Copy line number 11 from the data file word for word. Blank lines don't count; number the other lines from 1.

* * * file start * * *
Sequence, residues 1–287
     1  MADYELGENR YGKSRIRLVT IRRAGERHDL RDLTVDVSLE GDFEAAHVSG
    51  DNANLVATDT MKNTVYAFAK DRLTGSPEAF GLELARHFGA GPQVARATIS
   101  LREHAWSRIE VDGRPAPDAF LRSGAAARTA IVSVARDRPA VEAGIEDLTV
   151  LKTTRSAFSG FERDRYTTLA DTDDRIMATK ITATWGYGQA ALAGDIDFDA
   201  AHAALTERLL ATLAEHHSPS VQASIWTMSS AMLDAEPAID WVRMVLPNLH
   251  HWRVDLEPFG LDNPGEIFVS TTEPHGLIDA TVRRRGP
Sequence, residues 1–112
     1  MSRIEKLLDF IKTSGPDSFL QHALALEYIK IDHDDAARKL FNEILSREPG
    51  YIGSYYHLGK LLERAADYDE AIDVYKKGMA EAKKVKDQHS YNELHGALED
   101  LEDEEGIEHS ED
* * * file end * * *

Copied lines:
   101  LEDEEGIEHS ED